The Suffolk Coast & Heaths Area of Outstanding Natural Beauty (AONB) is a stunning landscape, covering 155 square miles along the Suffolk coast. It is a low-lying coastal area of astonishing variety, a world of subtle but fascinating contrasts – the mix of shingle beaches, crumbling cliffs, marshes, estuaries, heathland, forests and farmland makes the AONB so special, with many historic towns or villages, spared from modern development and each retaining a distinctive character.
THE DEBEN ESTUARY.
The Deben Estuary is a Special Protection Area and Ramsar Site and within the Suffolk Coast and Heaths Area of Outstanding Natural Beauty. Its significance arises from its over-wintering population of avocet. The estuary features shifting sandbanks, and is dominated by the Common Reed. The salt marsh and intertidal mud-flats that occupy most of the area have the widest range of salt marsh flora in Suffolk. Ramsholt is a small village on the estuary, home to the popular Ramsholt Arms, and is a favoured place for sailing. Waldringfield is host to salt marsh, mudflats and riverside grassland making it an excellent habitat for wildlife; visit the Maybush Inn public house for relaxed riverside dining. Woodbridge lies along the River Deben. Woodbridge railway station is on the Ipswich-Lowestoft East Suffolk Line and is located just a few hundred metres from the Woodbridge Tide Mill. Woodbridge Tide Mill is a rare example of a tide mill whose water wheel still turns and is capable of grinding wholemeal flour. Woodbridge is close to the most important Anglo-Saxon site in the United Kingdom, Sutton Hoo (not featured in the video). It is the site of two 6th and early 7th century cemeteries, one containing an undisturbed ship burial, including a wealth of Anglo-Saxon artefacts of outstanding art-historical and archaeological significance.
CAPTAIN’S WOOD AND SNAPE.
Captain’s Wood is a nature reserve located near Sudbourne. The reserve is owned and managed by Suffolk Wildlife Trust and covers 56 hectares. Each year hundreds of people visit the woods to see the spectacular display of Blue Bells. “Perceval” by British artist Sarah Lucas stands proud at Snape, carting large concrete Marrows. Follows is “The Family Man”; an unfinished sculpture by Barbara Hepworth, who passed away before she could complete it. The Romans established a settlement at Snape, centred on salt production. In Anglo-Saxon times the Wuffings (who ruled East Anglia from Rendlesham) used Snape largely as a burial site, and archaeological investigations have revealed boat burials and other graves. Snape is now best known for Snape Maltings, no longer in commercial use, but converted into a tourist centre together with a concert hall that hosts the major part of the annual Aldeburgh Festival. The Maltings, with its fine brick buildings and riverside position, is ideally suited for the famous Aldeburgh Festival, emphasising the area’s links with Benjamin Britten. Sailor’s Path, named after the sailors who used the route, is a 12 mile return walk from the Maltings to Aldeburgh.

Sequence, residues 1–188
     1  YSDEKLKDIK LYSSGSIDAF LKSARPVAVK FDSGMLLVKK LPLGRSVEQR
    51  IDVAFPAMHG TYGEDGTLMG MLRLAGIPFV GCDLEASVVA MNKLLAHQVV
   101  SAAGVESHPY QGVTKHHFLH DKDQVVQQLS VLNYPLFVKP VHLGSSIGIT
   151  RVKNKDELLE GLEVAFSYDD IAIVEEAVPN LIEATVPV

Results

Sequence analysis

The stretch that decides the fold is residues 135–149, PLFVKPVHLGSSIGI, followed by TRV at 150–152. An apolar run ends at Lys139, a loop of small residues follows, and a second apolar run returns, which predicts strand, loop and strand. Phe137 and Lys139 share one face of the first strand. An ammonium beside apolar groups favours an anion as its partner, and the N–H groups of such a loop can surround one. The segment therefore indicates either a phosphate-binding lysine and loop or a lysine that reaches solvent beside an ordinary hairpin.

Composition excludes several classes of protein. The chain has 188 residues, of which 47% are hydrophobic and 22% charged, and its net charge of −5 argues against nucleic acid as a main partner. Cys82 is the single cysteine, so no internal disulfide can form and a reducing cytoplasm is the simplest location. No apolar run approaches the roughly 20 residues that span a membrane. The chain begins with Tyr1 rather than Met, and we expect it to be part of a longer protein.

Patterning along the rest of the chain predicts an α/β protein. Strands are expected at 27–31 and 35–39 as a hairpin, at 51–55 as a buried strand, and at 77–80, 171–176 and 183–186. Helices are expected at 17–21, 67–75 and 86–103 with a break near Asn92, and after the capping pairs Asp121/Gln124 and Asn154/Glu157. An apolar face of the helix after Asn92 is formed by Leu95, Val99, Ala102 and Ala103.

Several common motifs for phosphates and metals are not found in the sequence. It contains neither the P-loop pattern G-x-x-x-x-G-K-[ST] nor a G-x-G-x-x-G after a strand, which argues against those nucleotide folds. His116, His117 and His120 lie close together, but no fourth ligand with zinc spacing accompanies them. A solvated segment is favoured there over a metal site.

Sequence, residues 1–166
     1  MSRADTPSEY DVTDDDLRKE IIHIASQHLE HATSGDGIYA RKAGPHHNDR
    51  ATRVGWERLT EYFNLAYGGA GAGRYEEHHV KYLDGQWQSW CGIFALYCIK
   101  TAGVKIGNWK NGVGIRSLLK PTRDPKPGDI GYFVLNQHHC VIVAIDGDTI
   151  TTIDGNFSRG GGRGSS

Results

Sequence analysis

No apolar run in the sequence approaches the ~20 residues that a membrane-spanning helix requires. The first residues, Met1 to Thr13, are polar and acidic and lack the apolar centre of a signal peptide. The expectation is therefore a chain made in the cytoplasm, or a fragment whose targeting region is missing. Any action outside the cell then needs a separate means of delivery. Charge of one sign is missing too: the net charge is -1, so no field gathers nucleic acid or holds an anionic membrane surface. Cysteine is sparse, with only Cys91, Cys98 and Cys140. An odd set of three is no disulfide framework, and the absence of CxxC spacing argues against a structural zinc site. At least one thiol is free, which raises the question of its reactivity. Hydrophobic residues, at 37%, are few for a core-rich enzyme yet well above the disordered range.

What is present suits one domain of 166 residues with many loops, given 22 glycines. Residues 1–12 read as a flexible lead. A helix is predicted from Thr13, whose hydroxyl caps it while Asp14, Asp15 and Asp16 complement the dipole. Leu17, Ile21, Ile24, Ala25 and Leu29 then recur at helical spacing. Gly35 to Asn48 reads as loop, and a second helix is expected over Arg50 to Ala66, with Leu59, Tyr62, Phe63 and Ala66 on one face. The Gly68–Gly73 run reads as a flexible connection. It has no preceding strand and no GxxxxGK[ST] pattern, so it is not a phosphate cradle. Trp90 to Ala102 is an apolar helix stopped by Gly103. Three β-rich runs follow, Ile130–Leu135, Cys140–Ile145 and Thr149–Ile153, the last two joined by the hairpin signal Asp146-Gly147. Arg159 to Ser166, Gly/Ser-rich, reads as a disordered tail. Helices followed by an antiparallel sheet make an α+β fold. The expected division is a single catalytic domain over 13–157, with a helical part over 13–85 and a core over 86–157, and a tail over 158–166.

MINSMERE AND DUNWICH.
Minsmere is a nature reserve owned by the RSPB. It is well known for its huge variety of bird species. Dunwich Heath is a rare survival of coastal lowland heath; the Suffolk Sandlings used to form a lot of the Suffolk coast, but have mostly been developed for agriculture or built upon. It supports many unusual invertebrates, such as ant lions, digger wasps, mining bees, as well as the True Lover’s Knot moth, and the Emperor moth. In the Anglo-Saxon period, Dunwich was the capital of the Kingdom of the East Angles but the harbour and most of the town have since disappeared due to coastal erosion. At its height it was an international port similar in size to 14th-century London. Its decline began in 1286 when a storm surge hit the East Anglian coast; it was eventually reduced in size to the village it is today. Most of the buildings that were present in the 13th century have disappeared, including all eight churches, and Dunwich is now a small coastal “village”, though retaining its status as a town. The remains of a 13th-century Franciscan priory (Greyfriars) and the leper hospital of St James can still be seen. A popular local legend says that, at certain tides, church bells can still be heard from beneath the waves.
Located on the River Alde, Aldeburgh is notable for its shingle beach and fisherman huts where freshly caught fish are sold daily. The internationally renowned Aldeburgh Festival of arts, which takes place at nearby Snape Maltings, was created in 1948 by the resident and acclaimed composer Benjamin Britten. Aldeburgh attractions include the ancient Moot Hall and the Napoleonic-era Martello tower, which is the northern-most tower in England and the largest Martello tower built. It is constructed in a unique clover leaf quatrefoil design, effectively four towers joined together. “Snooks the Dog”, a replica statue of a local doctor’s faithful friend, can also be seen next to the model yacht pond; the original bronze can be seen in the Aldeburgh Hospital garden. In November 2003, a striking tribute to Britten and his music was unveiled on the beach just north of Aldeburgh. The Scallop – a four-metre high steel sculpture – was conceived by Suffolk-born artist Maggi Hambling, and made by Aldeburgh craftsmen Sam and Dennis Pegg. The phrase “I hear those voices that will not be drowned” (from Peter Grimes) is pierced through the steel, to be read against the sky. The music used in this video is also a tribute to Peter Grimes.